Steve posted a comment on a previous post that spurred me to put on my physics and systems engineer hat for a moment.

The power law notion presented in the previous post by Andrew Filev is useful in many domains.

The Power Law is applicable IF, one quantity is dependent on another raised to a "power." What Andrew did was to assume this is the case then build an example. In the statistics world this is called a Post-Hoc argument. It goes like this, "Let's assume there is a power law relation between the number of small (no defined unit for small) and large (no defined unit of large) and possibly mega (again no defined unit) then the "power law could be tested - not assumed post-hoc.

Here in the space and defense business a "notional" concept is used all the time. But the little joke is "I see you're making a notional description of the problem at hand, nice power point presentation, where's the real numbers?" The classic is the Power Point pictures of flying to the moon, then to mars in the 500 page backgrounder called Constellation, were one of the programs we work derives the Orion manned vehicle avionics, which will go to the Space Station in 2014 (maybe), From there it's only a 1,000 times scaling to get to the moon and only a ½ million times scaling to get to Mars. No problem, we got a nice PPT picture of how to do it.

**Now to the subject long tails in task durations **

Steve asked about long tails for task durations. Great question.

The use of Mote Carlo simulations is mandated in our domain (DID 81650 is the source document). The tools we use (Risk+ and @Risk For Project) provide probability distributions that can be tuned for the specific task modeling. There is a principle in this practice that say "any longer than 35% or so to the right requires management intervention, don't use that in your model."The triangle distribution is usually the starting point. The boundaries of the Triangle in Risk+ are the 0 and 100 end points, in @Risk they are the 10% and 90% end points. This provides the ability to describe an asymmetric shape for the task durations.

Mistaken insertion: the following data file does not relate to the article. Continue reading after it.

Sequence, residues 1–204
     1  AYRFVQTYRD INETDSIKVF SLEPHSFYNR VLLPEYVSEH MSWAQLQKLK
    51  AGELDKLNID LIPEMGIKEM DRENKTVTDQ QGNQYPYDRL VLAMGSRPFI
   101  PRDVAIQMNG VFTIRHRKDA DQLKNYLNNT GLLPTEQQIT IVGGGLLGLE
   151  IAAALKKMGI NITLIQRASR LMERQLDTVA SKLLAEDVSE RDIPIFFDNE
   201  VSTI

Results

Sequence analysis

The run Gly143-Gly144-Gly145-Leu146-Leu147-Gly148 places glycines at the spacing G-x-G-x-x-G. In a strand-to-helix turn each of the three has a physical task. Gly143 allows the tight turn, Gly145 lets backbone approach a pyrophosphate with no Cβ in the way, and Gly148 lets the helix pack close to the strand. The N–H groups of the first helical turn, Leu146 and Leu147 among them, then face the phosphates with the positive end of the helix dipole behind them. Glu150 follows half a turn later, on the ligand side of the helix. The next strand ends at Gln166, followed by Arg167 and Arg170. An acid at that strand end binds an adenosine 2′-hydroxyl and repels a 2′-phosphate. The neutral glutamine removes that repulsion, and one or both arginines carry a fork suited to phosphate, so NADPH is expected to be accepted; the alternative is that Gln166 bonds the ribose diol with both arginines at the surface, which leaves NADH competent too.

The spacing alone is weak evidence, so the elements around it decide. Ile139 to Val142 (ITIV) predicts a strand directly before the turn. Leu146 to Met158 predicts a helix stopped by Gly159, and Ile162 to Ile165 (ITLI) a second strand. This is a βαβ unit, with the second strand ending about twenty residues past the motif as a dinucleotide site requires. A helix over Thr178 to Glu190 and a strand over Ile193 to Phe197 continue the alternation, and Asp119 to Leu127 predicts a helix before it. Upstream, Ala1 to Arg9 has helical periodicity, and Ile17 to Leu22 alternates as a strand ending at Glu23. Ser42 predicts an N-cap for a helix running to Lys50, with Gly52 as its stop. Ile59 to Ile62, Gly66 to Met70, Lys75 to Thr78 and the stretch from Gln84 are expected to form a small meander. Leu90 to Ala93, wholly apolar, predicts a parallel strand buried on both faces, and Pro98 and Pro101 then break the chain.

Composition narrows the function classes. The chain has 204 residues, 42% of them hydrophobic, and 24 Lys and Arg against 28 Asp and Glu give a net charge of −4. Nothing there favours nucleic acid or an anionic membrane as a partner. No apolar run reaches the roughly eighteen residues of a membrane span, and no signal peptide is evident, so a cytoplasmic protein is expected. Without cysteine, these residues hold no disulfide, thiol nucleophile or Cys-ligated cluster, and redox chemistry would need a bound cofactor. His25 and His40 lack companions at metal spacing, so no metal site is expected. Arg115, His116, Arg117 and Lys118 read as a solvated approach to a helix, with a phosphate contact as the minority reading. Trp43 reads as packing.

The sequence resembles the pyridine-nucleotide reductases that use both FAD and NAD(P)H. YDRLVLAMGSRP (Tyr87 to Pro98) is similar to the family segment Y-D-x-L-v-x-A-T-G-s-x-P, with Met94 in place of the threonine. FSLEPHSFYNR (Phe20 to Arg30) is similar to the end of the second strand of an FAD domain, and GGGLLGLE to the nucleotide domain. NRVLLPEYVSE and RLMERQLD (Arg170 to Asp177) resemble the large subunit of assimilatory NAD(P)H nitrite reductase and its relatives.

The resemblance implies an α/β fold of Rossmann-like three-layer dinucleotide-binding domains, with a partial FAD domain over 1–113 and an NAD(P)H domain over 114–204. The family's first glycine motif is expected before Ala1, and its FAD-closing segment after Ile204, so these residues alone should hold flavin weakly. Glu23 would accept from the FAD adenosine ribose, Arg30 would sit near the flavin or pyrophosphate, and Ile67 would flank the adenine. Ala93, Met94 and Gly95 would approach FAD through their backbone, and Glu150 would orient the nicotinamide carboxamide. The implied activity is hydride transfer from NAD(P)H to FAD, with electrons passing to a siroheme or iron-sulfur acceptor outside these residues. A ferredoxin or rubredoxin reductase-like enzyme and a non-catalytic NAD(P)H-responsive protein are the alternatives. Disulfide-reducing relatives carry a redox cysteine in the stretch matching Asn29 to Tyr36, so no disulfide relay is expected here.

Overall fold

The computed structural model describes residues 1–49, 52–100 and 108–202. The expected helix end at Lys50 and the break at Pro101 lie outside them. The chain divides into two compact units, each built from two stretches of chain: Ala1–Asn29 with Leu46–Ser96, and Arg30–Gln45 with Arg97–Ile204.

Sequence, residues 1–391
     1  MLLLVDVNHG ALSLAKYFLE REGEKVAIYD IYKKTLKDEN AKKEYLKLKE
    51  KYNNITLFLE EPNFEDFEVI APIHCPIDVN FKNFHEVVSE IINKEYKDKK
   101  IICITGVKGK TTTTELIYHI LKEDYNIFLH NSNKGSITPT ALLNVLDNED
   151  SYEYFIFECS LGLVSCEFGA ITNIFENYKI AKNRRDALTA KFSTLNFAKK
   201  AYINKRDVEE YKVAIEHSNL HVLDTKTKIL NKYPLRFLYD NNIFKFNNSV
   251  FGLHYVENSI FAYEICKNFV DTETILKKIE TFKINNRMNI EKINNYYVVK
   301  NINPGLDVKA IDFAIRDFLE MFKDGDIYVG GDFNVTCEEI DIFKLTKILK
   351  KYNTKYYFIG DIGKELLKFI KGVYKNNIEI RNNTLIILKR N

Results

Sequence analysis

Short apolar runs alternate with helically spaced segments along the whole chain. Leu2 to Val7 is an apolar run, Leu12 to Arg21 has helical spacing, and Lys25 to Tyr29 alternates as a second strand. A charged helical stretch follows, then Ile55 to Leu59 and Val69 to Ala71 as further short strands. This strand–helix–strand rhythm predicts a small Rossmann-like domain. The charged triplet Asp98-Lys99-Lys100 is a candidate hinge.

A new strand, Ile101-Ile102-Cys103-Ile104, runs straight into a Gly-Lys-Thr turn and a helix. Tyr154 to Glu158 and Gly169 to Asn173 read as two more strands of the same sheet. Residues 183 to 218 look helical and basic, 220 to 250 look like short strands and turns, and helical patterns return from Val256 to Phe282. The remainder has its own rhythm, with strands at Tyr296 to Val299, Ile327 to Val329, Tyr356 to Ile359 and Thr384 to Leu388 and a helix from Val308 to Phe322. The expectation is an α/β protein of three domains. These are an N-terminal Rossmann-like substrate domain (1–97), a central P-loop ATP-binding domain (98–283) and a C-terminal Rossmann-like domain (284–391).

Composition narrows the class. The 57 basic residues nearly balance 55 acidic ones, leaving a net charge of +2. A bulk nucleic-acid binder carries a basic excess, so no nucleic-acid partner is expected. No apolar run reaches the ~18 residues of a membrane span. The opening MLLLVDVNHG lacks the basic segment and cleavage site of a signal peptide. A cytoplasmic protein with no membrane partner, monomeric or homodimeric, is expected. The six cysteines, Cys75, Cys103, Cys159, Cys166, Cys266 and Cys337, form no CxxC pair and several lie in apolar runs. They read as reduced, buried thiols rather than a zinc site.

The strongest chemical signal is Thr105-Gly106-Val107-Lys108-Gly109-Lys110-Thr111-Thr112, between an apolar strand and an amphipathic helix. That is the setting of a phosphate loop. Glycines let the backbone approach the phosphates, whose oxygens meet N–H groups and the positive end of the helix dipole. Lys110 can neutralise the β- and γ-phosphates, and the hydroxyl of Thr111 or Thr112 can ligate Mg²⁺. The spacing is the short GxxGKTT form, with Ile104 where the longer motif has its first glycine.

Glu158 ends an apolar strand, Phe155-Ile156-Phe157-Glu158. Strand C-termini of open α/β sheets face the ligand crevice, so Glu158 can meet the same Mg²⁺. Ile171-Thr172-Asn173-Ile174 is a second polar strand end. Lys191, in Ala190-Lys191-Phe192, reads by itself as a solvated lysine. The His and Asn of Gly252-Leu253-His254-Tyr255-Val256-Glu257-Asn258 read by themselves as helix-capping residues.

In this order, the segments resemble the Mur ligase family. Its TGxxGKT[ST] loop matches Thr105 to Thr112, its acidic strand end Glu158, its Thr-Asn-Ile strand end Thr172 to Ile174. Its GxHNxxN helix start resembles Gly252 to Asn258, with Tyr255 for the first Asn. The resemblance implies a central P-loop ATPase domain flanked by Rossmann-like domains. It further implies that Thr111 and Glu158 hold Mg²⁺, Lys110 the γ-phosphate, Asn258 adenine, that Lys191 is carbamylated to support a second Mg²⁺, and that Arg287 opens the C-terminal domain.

But, and this is critical, the "long tails" don't exist in the planning process. Independent of their possible existence. This is the role of the Integrated Master Plan - to reduce the probability that there are "unknowns," in the plan. The real long tails - the unknown unknowns have been addressed in previous iteration of the program - during Milestone A and Milestone B. The work of system development - Milestone C - is working toward the low rate initial production.

The second rule - in our domain - is you plan and mange at the Work Package level, not the task level. Task management is the accountability of the Control Account Manager, or her designated Work Package Manager. Work Packages con only cross one accounting period. These means they are limited to 60 calendar days. Like Vegas, what happens inside the WP says inside the WP. It's the measure of physical percent complete we're after.

The reason for this is the WP is on baseline and if the tasks need to be rearranged for what ever reason - good or bad - we don't want to impact the baseline - 'cause there's too much paper work and we're essentially lazy.

**Power Laws Abound, But Make No Assumptions Without a Test**

Power Laws describe relationships that are "scale independent." Physics is one place to start. Having grown up in the particle physics world, power laws are used in the Standard Model of particles. As well a REALLY good power law in classical physics (thermodynamics) is the cooking time of a turkey. It is a power law related to the surface area of the bird.

There are Power Laws in Economics, in biology related to ecological complexity, power laws everywhere.

So in the end- yes power laws are real IIF (if and only if) there is a exponential relation between one variable and another. Assuming there is first without a basis for that assumption and then making an argument (in the mathematical sense) about something is simply bad math.

The common approach in some domains - like this example - is to use a notional graph - Kent Beck did this - to make a point. But the point may not actually have a factual basis. It's a notional point. An interesting dinner conversation piece. But trying to make managerial decision from notional graphs is real sporty business where I work.

Your mileage may vary